OF-02-07 Geologic Map of the Breckenridge Quadrangle, Summit and Park Counties, Colorado

Geologic Map of the Breckenridge Quadrangle, Summit and Park Counties, Colorado. The map shows distribution of various rock types and their configuration and provides information about potential resources and hazards. Includes cross section, map unit correlation, shaded relief map with geology overlay, booklet of extended descriptions of map units, economic geology and selected references. 44 pages. 1 color plate (1:24,000). Digital ZIP download. OF-02-07D

From the authors notes:
The Breckenridge quadrangle is located in southcentral Summit County and northwestern Park
County, Colorado, mostly west of the Continental Divide. The quadrangle includes numerous peaks that have elevations of 13,000 to more than 14,000 ft. The Breckenridge ski area is in the northern part of the intensely glaciated Tenmile
Range. Quandary Peak, at 14,265 ft above sea level, in the southwestern quadrant of the map area, is a popular peak for hikers and climbers. The town of Breckenridge is located in the northern part of the quadrangle. The Blue River flows
north through the middle of the map area in a glacial valley. The Breckenridge area has a long history of mining and mineral processing; lode mines produced gold, silver, zinc, lead, and copper, and placer mines produced large amounts
of gold. Nearly $300 million worth of metal were produced from the Breckenridge mining district at approximate current metal prices.

Access to the quadrangle from the north is via I-70 and State Highway 9 south through Frisco to Breckenridge. From the south, U.S. Highway 285 provides access to State Highway 9 to the north via Alma and Hoosier Pass.

The oldest rocks are exposed in the western part of the quadrangle where Early and Middle Proterozoic metamorphic and igneous rocks are widespread. Proterozoic rocks are overlain unconformably by Paleozoic clastic and carbonate sedimentary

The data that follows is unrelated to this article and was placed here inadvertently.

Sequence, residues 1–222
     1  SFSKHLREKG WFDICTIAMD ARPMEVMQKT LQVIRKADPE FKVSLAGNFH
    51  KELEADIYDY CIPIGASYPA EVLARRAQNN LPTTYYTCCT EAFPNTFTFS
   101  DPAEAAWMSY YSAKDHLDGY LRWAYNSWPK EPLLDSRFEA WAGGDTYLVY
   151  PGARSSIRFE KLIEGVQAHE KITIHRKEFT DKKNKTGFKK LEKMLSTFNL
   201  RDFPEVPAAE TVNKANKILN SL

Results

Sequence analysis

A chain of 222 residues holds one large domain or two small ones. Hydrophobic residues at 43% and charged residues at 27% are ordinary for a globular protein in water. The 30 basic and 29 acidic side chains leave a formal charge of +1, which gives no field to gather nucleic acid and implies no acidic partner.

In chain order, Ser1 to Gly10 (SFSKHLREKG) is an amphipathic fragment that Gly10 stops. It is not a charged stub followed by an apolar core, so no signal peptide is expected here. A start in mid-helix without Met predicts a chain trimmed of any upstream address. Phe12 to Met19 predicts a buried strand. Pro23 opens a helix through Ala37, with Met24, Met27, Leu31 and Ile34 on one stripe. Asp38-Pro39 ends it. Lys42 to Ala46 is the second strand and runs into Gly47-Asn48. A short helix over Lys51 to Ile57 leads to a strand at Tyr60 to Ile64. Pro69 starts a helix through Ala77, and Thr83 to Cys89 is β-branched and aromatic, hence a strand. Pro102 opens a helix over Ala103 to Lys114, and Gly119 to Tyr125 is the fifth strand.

rocks, which are exposed mainly in the eastern part of the map area. Mesozoic rocks occur mainly in the northeastern part of the map area and are composed of shale and subordinate limestone and sandstone. Intermediate and siliceous Tertiary sills and dikes intrude Paleozoic and Mesozoic sedimentary rocks, and lode and disseminated mineral deposits are commonly associated with these intrusive bodies. In the western part of the map area, Proterozoic rocks are intruded by a
Tertiary stock and numerous Tertiary dikes. Quaternary deposits are common in valleys and are dominated by till, outwash, and lacustrine deposits. The topography of the Tenmile Range was sculpted by at least two alpine glacial events. Northwest- and north-trending faults and shear zones that cut Proterozoic through Tertiary rocks, and in some cases Quaternary deposits, are the dominant structural feature of the Breckenridge quadrangle. At least two of these northwest- trending faults, in the western and northern parts of the map area, have large vertical separation. Many other faults in Phanerozoic rocks form a mosaic of intersecting faults of small separation. A less obvious but important east-northeast-trending zone of faults, dikes, and fracturing in the vicinity of the Humbug stock in the Tenmile Range likely represents a structural expression of the Colorado Mineral Belt and may have been active periodically since Proterozoic time. This zone appears to be continuous with several faults of similar trend in the Illinois Gulch area in the Breckenridge mining